Ask permission before taking pictures, and steer clear of pictures that "exoticize" or patronize the other.
Norms governing photography vary enormously around the world. In most of Europe, you can take pictures of just about anything with no problem. In other places, you will be expected to pay to take someone's picture. In other places, folks think that the camera captures their spirit, and they don't like it. In still others, there are religious objections.
In some (indeed, many) countries, you cannot/should not photograph official buildings, particularly ones of military significance. This would include airports, police stations, town halls, etc.
The rule is basically simple: if in doubt, ask. You may think you have the right to take whatever pictures you want, but other people see it differently.
Taking Photos in Other Countries and Cultures
(from Pacific Lutheran University)
1) REFLECT ON WHY YOU'RE TAKING A PHOTO: Is it because you want to remember something, show your family your hotel, create a record of a place or people, or because taking pictures just seems natural? Many people take photos when they travel because they need to feel busy or to put something between them and new surroundings. Take time to simply enjoy the experience and realize different types of photos require time and care to take.
2) BE INTERACTIVE: Try to take more interactive photos compared to objective ones. Try to always ask permission when taking pictures of people. Getting peoples' names and stories as well as their photo can be a meaningful experience. It also will give more meaning to your photo when you bring it back and helps avoid the objectification of people that can commonly happen in photos of unfamiliar places, especially ones we think of as more "exotic".
3) WHAT'S IN AND WHAT'S OUT?: Think about what you want to include in your pictures - and then look at what you might be leaving out. Are you ignoring part of a person's life or the story of a town because you don't think it is "picturesque enough"? Realize that no photo is going to capture the reality of any place you visit, so think about how you can strive to show many different aspects of a place or culture, not just the tourist spots or well-known parts of a culture that everyone takes photos of.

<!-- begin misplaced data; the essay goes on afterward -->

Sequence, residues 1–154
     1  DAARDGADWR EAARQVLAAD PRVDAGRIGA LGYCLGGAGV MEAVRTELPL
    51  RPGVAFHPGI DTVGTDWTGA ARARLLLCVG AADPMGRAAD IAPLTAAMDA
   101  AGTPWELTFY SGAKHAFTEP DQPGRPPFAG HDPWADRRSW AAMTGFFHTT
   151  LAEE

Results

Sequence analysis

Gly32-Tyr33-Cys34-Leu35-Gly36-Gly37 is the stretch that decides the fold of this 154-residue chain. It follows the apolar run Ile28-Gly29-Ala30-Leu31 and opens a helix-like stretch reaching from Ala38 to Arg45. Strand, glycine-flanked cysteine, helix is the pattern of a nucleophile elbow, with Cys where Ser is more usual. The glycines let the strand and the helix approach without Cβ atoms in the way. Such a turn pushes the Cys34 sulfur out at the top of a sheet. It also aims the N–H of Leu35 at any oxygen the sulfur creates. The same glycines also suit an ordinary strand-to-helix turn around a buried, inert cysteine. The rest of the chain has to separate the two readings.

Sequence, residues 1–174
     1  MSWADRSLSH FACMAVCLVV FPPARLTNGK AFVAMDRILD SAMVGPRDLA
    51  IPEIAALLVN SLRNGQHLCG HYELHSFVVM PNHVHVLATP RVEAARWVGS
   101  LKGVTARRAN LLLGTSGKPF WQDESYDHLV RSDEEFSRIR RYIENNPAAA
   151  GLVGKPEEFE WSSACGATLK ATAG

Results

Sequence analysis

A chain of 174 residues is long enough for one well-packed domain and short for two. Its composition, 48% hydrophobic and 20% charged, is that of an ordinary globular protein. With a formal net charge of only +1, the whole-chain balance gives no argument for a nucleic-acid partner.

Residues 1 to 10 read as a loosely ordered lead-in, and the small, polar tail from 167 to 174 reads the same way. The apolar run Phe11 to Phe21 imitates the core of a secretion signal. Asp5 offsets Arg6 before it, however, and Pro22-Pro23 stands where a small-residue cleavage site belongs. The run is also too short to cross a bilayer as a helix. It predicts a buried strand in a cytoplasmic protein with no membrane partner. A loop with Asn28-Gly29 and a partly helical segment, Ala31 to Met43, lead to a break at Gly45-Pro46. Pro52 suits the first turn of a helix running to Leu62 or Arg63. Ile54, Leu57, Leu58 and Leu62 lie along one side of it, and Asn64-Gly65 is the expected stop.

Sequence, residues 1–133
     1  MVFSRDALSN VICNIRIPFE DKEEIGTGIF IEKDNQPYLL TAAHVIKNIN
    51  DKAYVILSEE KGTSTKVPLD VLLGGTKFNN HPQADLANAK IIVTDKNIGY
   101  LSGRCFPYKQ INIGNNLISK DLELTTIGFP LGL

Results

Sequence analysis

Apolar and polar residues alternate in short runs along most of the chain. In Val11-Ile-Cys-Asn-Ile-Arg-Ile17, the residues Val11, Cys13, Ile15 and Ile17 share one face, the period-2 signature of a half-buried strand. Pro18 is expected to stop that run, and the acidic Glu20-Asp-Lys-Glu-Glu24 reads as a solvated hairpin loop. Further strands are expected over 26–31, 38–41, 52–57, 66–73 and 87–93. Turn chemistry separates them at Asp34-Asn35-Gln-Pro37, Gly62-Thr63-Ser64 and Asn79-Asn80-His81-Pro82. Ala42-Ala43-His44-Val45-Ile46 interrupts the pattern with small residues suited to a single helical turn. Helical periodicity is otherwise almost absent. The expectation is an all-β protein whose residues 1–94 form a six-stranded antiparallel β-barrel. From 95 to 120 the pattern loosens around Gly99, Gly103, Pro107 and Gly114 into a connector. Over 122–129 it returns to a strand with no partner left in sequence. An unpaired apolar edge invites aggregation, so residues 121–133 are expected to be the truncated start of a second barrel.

4) CONSIDER AND RESPECT HISTORICAL AND CULTURAL ASPECTS AND LAWS: Most people know to ask permission to take photos in sacred or religious sites, but many countries also have laws against taking photos of government buildings and more. And even if there is no law against taking a photo, be respectful of the culture - a city, village, or landscape is not there for you to consumer through your camera, but is part of the lives of those in your host country.
5) SHOW PEOPLE YOUR CAMERA AND PHOTOS: Digital cameras are great to interact with people you might take photos of. Kids especially like to see themselves on the camera screens. Letting people you meet play with your camera a little can be a hit too if you are spending a good amount of time with someone.
6) PHOTO EXCHANGE: When possible, try to find a way to give a copy of the photo to the people you take pictures of. Getting their address and sending them a photo is sometimes and option or if you are meeting people through an organization or traveling with a company, think about sending them the photos to distribute. You could also bring photos of yourself or your family to give out to people when you take their photo or meet them.
7) THINK ABOUT YOUR CAPTIONS: When you present a photo, be intentional about captions and how you choose to label and title a photo. When possible, give names and details and a greater context to the photo and be careful about what you are and are not comparing the people or place to. The photos should be part of a story you can share with people once you return home.